Addressing the Fears About Using Cannabis as Medicine

Addressing the Fears About Using Cannabis as Medicine

Most fears arise from a lack of understanding. That goes for the concerns about using cannabis as medicine.

The spread of legalized medical cannabis to 29 states, Puerto Rico, and Guam is one sign that cannabis ignorance is on the decline. But what the Huffington Post calls "cannaphobia" continues.

Addressing the fears about using cannabis as medicine should help separate rumors from natural science.

What are the fears about using cannabis?

Most cannaphobia dates to the campaign to prohibit marijuana in the U.S. After all, cannabis had been effectively used for medicinal benefit throughout recorded history dating to ancient China, Afghanistan, India, and Egypt.

Hemp and other variations of cannabis were raised as crops and medicines for distribution on the Spice Trail. And, so, it became part of lore and the holistic medicine cabinet — the arrival of Harry Angslinger, the first commissioner to head the U.S. Federal Bureau of Narcotics.

Commissioner Angslinger ran the bureau for 32 years. In his early days, Angslinger said (according to GreenMedInfo), "There is no more absurd fallacy" than treating cannabis as a danger. But, when alcohol prohibition went down the drain, he changed direction sharply.

Cannabis advocate Dr. David Bearman wrote of Angslinger, "He had many bizarre thoughts that he put forward … I think that Angslinger was probably the greatest bureaucrat of all time because he created problems where none existed to increase the amount of people listening to him. He was extremely successful, and his propaganda lives on today." 

So, among the fears Angslinger's propaganda created are in his words and emboldened here for emphasis:

"the deadly, dreadful poison that racks and tears not only the body but the very heart and soul of every human being who once becomes a slave to it in any of its cruel and devastating forms... Marihuana is a shortcut to the insane asylum. Smoke marihuana cigarettes for a month, and what was once your brain will be nothing but a storehouse of horrid specters. Hasheesh makes a murderer who kills for the love of killing out of the mildest mannered man who ever laughed at the idea that any habit could ever get him."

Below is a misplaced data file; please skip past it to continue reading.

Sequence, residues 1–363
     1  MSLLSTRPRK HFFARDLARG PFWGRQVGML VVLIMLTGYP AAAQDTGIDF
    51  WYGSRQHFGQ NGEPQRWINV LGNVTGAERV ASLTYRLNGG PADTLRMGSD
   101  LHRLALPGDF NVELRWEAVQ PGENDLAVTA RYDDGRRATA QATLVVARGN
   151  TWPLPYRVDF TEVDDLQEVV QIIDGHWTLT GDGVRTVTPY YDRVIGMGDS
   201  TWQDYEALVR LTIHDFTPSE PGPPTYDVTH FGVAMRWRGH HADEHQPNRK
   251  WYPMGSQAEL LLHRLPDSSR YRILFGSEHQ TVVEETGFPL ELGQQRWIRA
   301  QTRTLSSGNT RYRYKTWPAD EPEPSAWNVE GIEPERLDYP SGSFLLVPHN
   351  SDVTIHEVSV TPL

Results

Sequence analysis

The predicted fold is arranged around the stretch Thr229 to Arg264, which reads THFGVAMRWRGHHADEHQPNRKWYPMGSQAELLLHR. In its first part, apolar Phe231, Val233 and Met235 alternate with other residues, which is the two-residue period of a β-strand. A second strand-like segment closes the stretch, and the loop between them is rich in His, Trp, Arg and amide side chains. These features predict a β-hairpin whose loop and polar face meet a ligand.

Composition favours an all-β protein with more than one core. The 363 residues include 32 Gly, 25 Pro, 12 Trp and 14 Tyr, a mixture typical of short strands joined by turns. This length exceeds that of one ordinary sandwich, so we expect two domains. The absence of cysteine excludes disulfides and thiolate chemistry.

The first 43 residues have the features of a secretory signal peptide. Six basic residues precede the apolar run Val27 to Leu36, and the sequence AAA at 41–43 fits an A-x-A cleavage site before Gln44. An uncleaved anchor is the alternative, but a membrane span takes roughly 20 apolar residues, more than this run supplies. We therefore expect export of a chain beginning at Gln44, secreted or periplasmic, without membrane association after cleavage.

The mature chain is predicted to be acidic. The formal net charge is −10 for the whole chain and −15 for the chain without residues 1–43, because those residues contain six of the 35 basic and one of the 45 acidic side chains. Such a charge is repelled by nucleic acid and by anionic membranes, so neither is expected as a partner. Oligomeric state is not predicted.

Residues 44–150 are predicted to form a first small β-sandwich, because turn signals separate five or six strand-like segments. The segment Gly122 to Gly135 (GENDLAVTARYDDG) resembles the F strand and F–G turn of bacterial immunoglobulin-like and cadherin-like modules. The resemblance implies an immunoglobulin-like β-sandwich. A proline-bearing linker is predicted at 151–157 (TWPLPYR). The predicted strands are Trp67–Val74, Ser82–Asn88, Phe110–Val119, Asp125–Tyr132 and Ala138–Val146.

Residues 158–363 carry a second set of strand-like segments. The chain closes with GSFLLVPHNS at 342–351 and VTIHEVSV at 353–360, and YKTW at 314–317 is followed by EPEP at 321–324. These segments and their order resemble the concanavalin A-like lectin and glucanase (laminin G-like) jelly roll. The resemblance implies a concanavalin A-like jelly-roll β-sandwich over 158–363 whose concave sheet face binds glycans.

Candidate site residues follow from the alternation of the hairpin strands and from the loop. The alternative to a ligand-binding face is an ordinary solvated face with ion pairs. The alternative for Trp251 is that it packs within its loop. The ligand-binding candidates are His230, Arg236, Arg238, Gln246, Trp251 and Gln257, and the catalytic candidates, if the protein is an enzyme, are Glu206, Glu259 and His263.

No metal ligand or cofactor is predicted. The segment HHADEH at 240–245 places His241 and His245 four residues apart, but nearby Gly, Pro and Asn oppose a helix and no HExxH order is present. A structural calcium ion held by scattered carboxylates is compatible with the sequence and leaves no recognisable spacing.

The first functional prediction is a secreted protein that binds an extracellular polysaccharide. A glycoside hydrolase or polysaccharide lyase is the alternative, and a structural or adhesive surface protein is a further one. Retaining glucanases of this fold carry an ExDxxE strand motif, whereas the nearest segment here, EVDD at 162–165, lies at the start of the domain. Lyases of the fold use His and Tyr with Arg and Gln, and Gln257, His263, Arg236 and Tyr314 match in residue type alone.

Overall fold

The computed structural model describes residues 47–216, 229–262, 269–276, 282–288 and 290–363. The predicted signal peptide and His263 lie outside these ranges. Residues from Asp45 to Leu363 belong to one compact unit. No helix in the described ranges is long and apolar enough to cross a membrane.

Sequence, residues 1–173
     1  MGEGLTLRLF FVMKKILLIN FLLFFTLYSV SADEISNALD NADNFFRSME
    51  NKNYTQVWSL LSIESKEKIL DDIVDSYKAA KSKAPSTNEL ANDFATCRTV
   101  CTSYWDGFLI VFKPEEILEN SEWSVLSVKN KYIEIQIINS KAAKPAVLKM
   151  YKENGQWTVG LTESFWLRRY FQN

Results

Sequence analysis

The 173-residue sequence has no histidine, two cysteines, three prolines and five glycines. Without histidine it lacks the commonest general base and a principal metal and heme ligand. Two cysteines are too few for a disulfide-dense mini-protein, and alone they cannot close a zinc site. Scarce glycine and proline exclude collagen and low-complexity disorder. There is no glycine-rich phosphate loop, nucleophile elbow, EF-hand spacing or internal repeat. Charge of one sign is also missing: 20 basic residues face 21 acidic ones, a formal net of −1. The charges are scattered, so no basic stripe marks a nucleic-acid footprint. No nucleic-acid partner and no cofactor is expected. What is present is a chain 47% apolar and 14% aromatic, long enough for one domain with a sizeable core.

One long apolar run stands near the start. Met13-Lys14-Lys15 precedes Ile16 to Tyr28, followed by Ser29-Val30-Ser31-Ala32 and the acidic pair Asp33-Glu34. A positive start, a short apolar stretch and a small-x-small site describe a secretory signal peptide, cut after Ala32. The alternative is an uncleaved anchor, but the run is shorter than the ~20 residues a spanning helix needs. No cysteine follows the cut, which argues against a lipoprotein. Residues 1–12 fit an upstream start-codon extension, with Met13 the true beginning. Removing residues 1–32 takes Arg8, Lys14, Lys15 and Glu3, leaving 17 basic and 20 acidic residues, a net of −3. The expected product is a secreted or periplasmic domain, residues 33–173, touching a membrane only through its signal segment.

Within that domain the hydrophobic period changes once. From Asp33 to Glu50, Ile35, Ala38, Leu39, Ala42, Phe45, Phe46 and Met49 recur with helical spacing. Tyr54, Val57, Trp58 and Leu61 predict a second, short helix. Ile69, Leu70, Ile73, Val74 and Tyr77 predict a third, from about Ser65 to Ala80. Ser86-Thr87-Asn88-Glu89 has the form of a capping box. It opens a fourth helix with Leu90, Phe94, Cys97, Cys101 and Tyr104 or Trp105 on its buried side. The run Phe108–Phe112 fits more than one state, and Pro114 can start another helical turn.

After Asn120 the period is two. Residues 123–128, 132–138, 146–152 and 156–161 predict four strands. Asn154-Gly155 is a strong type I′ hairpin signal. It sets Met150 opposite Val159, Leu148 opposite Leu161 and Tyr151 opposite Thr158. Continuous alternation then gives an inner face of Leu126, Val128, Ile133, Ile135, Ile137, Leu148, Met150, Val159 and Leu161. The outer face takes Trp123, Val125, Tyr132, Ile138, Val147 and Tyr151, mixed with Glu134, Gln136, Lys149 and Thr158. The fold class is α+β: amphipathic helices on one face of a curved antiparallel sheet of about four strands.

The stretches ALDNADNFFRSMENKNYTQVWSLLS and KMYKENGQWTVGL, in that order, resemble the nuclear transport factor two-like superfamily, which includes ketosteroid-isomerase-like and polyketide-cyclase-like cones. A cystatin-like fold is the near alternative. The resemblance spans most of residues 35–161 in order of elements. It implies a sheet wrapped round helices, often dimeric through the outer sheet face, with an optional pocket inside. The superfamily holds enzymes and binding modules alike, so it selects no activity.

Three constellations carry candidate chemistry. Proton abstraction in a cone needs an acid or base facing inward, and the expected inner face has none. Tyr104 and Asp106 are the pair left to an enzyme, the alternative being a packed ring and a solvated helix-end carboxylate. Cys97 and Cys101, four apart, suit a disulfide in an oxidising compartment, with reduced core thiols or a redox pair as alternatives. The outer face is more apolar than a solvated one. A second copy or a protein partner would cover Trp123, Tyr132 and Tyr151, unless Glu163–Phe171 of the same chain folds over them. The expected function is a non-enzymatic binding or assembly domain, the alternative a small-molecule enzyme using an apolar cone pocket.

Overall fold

Such disinformation continues to drive the fears that cannabis will kill, madden, or addict you. Even those who do not have a strong political position on the legalization of medical cannabis have these concerns in the back of their mind.

Only education will address the fears about using cannabis as medicine.

Education of patients and doctors can reduce, if not eliminate, cannabis. But, it will take some time to change the success of the "reefer madness" psychology.

1. Research on medical cannabis lacks volume and credibility. If the DEA and FDA continue to position cannabis along with cocaine, heroin, and fentanyl, research is an uphill battle.

With research limited and discouraged in U.S. laboratories, cannabis remains in the shade where doctors and educators fear to tread. It leaves quality research to Israel, where all the work has gone towards the creation of proven and effective medications like Epidolex® and Sativex® for the treatment of epilepsy, Dravet Syndrome, Autism Spectrum Disorders, Lennox-Gestaut Syndrome, Infantile Spasms, and other conditions when combined with other medications.